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How Does a Life Estate Deed Work for an Executor?

I am the beneficiary on my father’s life estate deed of his home. He passed in October 2018. I am wanting to sell the house and have not filed a warranty deed to put the house in my name. Also, the life estate deed is via power of attorney because my father had Alzheimer’s and at the time of the preparation of the life estate deed, would not have been considered able to make such a decision.

What should this person do next? What is allowed and what is not? This complex question is addressed in My San Antonio’s article, “Life estate deed by agent must preserve estate plan.” First, let’s clarify what a life estate deed is, and why it was used in this person’s estate plan.

A life estate deed is a real estate ownership arrangement, by which the owner gifts or sells to someone, in this case to the beneficiary child, a “remainder interest” in a piece of real estate property. The owner of the property holds a “life estate” in the real estate, which includes the right to live in the property, use it and even profit from it, as long as the life estate holder is alive. The remainder interest holder, the heir, can’t interfere with the life estate holder’s use of the property, while they are living.

The remainder interest holder does have an ownership interest in the property, which is granted in the life estate deed. The IRS publishes a table so that the value of the remainder interest can be calculated. Here’s why that matters:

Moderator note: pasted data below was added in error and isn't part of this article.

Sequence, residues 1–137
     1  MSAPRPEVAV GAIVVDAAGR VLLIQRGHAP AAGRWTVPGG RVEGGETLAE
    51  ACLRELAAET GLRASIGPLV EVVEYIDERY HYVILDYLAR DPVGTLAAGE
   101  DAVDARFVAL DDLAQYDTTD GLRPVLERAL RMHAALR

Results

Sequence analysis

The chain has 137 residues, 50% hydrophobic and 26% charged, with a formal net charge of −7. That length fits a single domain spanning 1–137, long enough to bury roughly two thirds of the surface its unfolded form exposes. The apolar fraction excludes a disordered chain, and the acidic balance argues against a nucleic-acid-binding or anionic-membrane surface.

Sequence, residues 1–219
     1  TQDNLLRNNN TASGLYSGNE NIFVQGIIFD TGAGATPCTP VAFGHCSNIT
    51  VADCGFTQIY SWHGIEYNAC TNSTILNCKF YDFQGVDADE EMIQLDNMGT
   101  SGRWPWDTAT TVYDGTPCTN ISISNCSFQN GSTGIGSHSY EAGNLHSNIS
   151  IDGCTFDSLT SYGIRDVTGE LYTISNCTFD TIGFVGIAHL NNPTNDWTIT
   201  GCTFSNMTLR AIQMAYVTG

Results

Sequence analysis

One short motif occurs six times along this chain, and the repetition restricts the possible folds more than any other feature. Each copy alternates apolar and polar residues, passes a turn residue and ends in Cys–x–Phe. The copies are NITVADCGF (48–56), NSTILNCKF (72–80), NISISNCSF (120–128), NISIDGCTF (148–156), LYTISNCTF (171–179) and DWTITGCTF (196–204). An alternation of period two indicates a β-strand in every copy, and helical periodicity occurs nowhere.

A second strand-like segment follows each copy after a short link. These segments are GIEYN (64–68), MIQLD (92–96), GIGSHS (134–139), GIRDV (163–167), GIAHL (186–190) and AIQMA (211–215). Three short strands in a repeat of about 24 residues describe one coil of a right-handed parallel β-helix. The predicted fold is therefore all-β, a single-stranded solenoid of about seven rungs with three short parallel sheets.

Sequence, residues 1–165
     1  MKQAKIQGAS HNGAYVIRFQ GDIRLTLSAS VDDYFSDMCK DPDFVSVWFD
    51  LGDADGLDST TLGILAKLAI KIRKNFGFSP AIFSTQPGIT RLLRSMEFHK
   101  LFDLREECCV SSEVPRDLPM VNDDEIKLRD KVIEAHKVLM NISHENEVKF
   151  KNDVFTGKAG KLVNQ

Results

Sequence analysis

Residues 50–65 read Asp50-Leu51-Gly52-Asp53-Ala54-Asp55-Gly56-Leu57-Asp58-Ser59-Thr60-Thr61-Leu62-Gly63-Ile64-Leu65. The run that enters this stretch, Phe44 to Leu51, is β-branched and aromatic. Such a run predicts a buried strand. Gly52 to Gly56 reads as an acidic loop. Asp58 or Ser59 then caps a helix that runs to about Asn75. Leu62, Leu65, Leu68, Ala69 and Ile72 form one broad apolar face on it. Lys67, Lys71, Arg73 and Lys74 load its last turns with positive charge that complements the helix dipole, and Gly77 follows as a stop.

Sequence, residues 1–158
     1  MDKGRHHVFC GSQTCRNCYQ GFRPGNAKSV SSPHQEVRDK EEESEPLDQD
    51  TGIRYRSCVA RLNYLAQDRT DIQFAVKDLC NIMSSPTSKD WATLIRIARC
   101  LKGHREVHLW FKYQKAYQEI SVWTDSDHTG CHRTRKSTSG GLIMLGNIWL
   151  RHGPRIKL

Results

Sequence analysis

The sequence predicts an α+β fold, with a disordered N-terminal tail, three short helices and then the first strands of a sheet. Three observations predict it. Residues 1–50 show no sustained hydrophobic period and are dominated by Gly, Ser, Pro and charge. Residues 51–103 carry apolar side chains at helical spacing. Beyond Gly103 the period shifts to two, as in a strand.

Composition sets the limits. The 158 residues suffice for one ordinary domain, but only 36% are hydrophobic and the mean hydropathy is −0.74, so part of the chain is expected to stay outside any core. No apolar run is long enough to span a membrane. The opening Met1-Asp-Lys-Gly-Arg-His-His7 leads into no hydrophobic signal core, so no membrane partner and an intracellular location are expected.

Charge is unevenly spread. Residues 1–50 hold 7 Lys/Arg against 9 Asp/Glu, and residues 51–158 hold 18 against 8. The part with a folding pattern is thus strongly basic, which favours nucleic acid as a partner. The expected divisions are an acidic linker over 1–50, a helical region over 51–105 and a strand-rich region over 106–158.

• If the remainder is gifted, then the IRS table determines the gift tax amount.
  • If the property is sold while the life holder is alive, the proceeds are split with the remainder holder, with the value determined from the IRS tables.
  • If the life estate holder needs to apply for Medicaid, the gift value of the remainder will cause a disqualification.

If the life estate holder decides to sell the property, permission from the remainder holder is required. The life estate holder may not have to pay taxes, but the remainder interest holder is likely to owe capital gain taxes, if the property is sold.

There is a special type of estate deed which changes the description above. Known as an enhanced life estate deed, or a “lady bird deed,” the owner is given the right to cancel the deed at any time. Since there is no value transferred to the remainder holder, there is no gift tax, no disqualification from Medicaid and the life estate holder can sell without needing to obtain permission from the remainder holder.

In the example above, the father did not sell his life estate interest, but retained it until the date of his death. The first challenge is proving ownership of the property. The original life estate deed should be proof of the ownership, but it must be combined with proof of death. The official death certificate will be needed to be presented to the title company, which will establish ownership under the original life estate deed.

The Alzheimer’s diagnosis creates another hurdle. Title companies are cautious when circumstances could be interpreted as self-dealing. They may ask if the agent had preserved the principal’s estate plan. In other words, did the father’s will give the house to the agent or to someone else? The agent may not act in a way that violates the existing estate plan. The durable power of attorney must be recorded with the county clerk for the life estate deed to be valid.

This is a situation where a qualified estate planning attorney will be able to ensure that proper measures are taken to protect the heir, as well as the estate. 

Reference: My San Antonio (Feb. 11, 2019) “Life estate deed by agent must preserve estate plan”

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